Teenagers who have secure attachments in family relationships “pay it forward” in showing empathy and support for close friends. But even those teens who lack secure family attachments can catch up with their more securely attached peers by late adolescence, demonstrating that empathy is a skill that can be developed and strengthened with practice.
These findings, recently published in the journal Child Development, come from the Adolescence Research Group lab in UVA’s psychology department, where a long-term study tracked development in a cohort of participants from the early teen years through adulthood.
Jessica Stern, a postdoctoral fellow in the lab and lead author for the study, explains that children feel securely attached when they are confident they will receive care and support from a caregiver, particularly in moments of stress. Secure attachment lays the groundwork for social and emotional health and well-being in adolescence and adulthood as well as greater social competence, which becomes particularly important in the teen years as peer relationships play an increasingly significant role.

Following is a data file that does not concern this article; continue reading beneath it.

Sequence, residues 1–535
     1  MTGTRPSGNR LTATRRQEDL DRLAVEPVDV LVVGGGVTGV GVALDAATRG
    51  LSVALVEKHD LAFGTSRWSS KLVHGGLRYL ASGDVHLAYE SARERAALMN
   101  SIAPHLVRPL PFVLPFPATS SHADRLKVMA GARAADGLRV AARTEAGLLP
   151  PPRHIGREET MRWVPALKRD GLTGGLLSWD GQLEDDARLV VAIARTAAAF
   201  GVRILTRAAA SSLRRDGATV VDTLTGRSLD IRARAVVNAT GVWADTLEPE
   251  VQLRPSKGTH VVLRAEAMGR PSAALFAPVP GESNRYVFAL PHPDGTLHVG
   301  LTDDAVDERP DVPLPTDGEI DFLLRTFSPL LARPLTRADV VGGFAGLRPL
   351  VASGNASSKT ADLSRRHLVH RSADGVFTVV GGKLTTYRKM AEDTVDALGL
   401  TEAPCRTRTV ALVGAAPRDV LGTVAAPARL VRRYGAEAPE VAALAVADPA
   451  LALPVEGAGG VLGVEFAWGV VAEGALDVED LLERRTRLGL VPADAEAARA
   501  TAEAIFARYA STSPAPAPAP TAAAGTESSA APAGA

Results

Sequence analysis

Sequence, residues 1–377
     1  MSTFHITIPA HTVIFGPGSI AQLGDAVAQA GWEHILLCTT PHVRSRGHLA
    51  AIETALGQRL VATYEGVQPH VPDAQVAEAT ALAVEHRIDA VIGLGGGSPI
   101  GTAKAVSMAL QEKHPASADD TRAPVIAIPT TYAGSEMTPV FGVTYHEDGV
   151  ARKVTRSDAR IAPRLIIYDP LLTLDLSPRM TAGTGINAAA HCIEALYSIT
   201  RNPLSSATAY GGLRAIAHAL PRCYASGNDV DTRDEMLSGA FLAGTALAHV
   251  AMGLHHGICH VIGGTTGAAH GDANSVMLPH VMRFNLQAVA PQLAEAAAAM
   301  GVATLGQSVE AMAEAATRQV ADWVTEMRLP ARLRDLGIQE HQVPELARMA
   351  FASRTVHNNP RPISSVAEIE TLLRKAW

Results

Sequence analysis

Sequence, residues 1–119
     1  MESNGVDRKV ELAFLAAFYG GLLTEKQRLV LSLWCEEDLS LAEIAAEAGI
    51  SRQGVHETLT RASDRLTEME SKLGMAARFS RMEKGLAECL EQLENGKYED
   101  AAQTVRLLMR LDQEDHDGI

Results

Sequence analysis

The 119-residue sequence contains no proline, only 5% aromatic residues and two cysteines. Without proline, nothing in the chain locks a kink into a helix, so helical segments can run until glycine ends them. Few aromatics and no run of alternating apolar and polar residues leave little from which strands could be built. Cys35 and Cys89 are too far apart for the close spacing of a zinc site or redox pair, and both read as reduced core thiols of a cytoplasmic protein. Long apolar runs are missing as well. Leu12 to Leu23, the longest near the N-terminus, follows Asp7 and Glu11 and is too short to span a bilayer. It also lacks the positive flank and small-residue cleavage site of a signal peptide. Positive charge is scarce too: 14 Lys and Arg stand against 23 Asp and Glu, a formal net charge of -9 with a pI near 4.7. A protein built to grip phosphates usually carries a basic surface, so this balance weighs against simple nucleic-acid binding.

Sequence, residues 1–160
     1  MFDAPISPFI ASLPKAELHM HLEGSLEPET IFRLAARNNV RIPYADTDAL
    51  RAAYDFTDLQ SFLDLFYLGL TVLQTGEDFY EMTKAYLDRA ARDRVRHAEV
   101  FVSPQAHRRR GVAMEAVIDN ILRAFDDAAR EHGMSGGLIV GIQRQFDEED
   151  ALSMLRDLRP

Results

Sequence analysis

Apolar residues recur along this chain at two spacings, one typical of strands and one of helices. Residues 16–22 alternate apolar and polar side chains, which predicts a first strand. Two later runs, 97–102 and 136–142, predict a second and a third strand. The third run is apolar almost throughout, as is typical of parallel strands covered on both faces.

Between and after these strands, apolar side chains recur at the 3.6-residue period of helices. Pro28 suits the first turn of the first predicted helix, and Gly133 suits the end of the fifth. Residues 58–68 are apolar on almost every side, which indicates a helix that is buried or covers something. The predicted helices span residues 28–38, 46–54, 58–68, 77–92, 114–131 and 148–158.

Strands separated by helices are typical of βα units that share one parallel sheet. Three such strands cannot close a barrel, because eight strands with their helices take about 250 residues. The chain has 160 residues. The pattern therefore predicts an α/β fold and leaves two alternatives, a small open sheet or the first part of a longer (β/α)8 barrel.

In the study, researchers interviewed 14-year-olds about their family relationships and then used an established tool to assess attachment. At ages 16, 17 and 18, the teens were invited to the lab with a close friend to talk about a problem the friend wanted help with.
The research confirmed that securely attached teens showed greater empathy with their friends. But the “hopeful story,” Stern says, is that less securely attached teens who started off showing less empathy at age 16 and 17 had “fully caught up to their more secure peers” by the age of 18, suggesting the power of positive peer relationships to support healthy development. “You can’t choose your family, but you can choose your friends,” Stern says.
The important takeaway, Stern says, is that empathy is “like a muscle” that strengthens with use. For caregivers, she adds, it’s important to remember that “it’s never too late to build a good relationship with your teen, and teens actually pay forward what you show them.”